Students can transfer filed via Chat and instant messaging, File Transfer Protocol (FTP) peer-to-peer applications such as Napster, Gnutella, Morpheus, Kazaa and Media Desktop; as well as the familiar Web access. It’s well-known that files can be attached to email messages, but most teachers and parents would be surprised to learn that most chat and instant messaging systems, such as AOL Instant Messenger, ICQ and MSN Messenger, can easily exchange files, including pirated software and videos, as well as pictures and videos that violate CIPA. These non-web methods of file transfer are easy to use at school and are quickly growing in popularity for the exchange of files, content and other material.
There are now many vectors for inappropriate materials to reach children, even unintentionally, and our experience at DoBox told us that CIPA’s emphasis on technology protection measures to prevent access by minors to “visual depictions” of inappropriate content as well as to restrict their access via the Internet to any type of materials that could be considered harmful is a wise one. CIPA does not distinguish between the many ways students can access “visual depictions” or harmful material over the Internet, but it is explicit that schools must focus on the safety of students when using “…electronic mail, chat rooms, and other forms of direct electronic communications.” That safety policy must include measures designed to enforce it.
: accidental web exposure through exploration, email SPAM, chat room access .
One child out of every five who use the Internet as little as one time a month is the target of unwanted sexual solicitation according to a study sponsored by the National Center for Missing and Exploited Children. The Internet, including chat/instant messaging can be a tremendous accessory to a child's learning tools. However, there are adults who use the Internet who want to take advantage of a child's trust and vulnerability in order to fulfill their own sick objectives. No Policy will be able to effectively protect our children from them without the assistance of appropriate technology tools.
The study, which was conducted by the University of New Hampshire's Crimes Against Children Research Center (CACRC), noted that an astonishing 19 percent of children, aged ten to 17 years old, who log on to the Internet regularly receive "requests to engage in sexual activities or sexual talk or to give personal sexual information. "Eighty-nine percent of these incidents began in a chat-room or instant messaging session. In addition, CACRC's study found that one in four children had an unwanted exposure to pictures of naked people or people having sex in the last year.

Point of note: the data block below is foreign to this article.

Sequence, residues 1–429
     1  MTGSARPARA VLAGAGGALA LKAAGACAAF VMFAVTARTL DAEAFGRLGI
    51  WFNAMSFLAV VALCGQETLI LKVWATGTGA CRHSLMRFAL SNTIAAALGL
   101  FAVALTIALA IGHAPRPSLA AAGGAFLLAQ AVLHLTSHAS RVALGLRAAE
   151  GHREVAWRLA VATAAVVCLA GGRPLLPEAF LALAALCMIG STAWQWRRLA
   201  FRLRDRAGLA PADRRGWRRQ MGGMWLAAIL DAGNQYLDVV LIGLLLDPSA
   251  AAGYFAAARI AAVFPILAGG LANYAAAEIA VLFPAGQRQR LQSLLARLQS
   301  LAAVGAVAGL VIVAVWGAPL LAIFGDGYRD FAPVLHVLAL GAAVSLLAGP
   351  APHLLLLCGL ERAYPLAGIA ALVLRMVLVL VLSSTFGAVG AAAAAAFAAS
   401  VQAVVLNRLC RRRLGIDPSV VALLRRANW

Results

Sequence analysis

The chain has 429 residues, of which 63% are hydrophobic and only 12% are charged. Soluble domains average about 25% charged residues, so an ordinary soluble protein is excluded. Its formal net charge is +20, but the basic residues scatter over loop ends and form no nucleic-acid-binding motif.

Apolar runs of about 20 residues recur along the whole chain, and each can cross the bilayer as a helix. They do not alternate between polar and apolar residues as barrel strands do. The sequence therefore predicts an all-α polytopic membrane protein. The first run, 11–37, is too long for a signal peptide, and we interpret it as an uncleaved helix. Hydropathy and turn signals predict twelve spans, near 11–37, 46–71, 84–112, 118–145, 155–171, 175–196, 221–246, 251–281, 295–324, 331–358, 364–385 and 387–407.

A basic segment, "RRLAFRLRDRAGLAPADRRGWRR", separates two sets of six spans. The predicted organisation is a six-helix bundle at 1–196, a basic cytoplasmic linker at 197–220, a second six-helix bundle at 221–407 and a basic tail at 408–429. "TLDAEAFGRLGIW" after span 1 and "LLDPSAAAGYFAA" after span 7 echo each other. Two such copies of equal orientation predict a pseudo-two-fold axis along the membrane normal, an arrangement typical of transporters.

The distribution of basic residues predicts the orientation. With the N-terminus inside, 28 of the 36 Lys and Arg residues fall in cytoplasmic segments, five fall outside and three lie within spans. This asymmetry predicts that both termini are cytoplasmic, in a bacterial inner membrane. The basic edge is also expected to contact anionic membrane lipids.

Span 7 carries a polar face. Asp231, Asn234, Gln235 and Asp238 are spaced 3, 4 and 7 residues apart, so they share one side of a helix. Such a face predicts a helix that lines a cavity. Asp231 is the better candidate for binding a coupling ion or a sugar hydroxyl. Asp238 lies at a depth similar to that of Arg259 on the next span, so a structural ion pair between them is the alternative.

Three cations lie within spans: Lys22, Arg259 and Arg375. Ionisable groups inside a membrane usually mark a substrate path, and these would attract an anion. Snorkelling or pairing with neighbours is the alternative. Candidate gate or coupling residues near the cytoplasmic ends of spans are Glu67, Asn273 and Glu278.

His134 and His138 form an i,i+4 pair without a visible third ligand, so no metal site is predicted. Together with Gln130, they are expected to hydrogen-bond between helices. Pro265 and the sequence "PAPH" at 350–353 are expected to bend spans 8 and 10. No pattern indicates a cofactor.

2. Please discuss whether and how the current policies could better meet the needs of the institutions and the community. If possible, provide specific recommendations.
No additional Comment.
3. Are educational institutions using a single technology protection method or a combination of blocking and filtering technologies?
See previous descriptions of the range of technologies needed to adequately protect children.
4. Describe any best practices or policies that have been effective in ensuring that minors are protected from exposure to prohibited content. Please share practices proven unsuccessful at protecting minors from exposure to prohibited content.
No additional Comment.
 Example Interface of Chat Management
 Example of Web Access
Management Module: Note that
only 3 categories of web content are shown here, blocked for this user. DoBox could deliver version with 16 +
categories for more “fine tuned” access.
Example of Email Management Interface
 Example of Smart Firewall™
Interface for Management of Games and Applications
Specifying games and applications
 Example of web site
customization feature from DoBox technology
 Footnote: D. Finkelhor, K. Mitchell, J. Wolak. 6/2000. Online Victimization: A Report on the Nation's Youth. http://www.unh.edu/ccrc/Victimization_Online_Survey.pdf